chapter  22
14 Pages

Applications to Computed Tomography for Adult Patients

ByJohn J. DeMarco and Michael McNitt-Gray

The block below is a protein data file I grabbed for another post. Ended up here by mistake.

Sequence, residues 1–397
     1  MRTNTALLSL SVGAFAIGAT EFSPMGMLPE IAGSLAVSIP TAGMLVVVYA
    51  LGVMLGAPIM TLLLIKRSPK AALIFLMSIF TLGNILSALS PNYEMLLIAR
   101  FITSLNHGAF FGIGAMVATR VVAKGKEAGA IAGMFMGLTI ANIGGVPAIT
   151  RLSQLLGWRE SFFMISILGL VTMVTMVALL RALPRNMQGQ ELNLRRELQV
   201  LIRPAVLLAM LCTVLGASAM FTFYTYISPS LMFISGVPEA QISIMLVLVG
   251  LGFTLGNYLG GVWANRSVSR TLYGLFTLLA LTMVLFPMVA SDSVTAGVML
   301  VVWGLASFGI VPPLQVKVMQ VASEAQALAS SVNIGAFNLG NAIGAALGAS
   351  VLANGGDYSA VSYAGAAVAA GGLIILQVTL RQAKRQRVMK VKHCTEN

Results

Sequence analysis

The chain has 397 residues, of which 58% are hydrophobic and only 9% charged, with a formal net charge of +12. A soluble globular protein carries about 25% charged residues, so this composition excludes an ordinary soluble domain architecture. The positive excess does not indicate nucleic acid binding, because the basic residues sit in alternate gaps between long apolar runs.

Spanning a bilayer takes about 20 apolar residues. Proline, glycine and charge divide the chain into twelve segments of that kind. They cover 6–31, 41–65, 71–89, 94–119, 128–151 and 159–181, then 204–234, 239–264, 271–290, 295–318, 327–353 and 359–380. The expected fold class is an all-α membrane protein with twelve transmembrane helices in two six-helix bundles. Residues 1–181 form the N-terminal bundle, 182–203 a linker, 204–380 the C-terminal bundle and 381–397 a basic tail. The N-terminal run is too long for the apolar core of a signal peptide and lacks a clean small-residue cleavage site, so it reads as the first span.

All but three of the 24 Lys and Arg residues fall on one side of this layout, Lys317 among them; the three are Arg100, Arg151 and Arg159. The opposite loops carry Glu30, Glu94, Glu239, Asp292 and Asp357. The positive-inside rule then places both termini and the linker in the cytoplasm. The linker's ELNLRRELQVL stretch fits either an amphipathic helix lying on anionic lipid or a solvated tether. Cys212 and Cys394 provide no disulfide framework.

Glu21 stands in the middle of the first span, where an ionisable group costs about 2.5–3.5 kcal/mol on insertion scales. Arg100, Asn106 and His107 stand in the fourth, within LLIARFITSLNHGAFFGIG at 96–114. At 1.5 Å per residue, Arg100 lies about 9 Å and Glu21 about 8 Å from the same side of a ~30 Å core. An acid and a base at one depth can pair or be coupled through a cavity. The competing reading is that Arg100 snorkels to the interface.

The increased technological capabilities, and complexity of multi detector row computed tomography (MDCT) as a diagnostic imaging tool has created a need for more accurate calculation tools to estimate the absorbed dose and radiological risk from CT examinations.1 An estimate of the effective dose to a patient undergoing a CT examination requires knowledge of the absorbed dose to each radiosensitive organ. Direct measurement of CT organ doses is not possible, and conventional dose estimates are dif cult due to the complexity of modern, MDCT scanning protocols. Several approaches have been developed to approximate the behavior of current MDCT scanners such as those employed by imaging performance assessment of CT (ImPACT) in their dose calculation spreadsheet.2 The ImPACT CT dose spreadsheet is based on the simulations performed by the National Radiological Protection Board (NRPB) and the dose estimates for MDCT scan protocols are approximated from contiguous axial scan data and are not derived directly from helical acquisition simulations.3-5 In addition, the dose estimates are based upon the medical internal radiation dose, version V (MIRD-V) geometry model and do not account for patient-speci c size variations.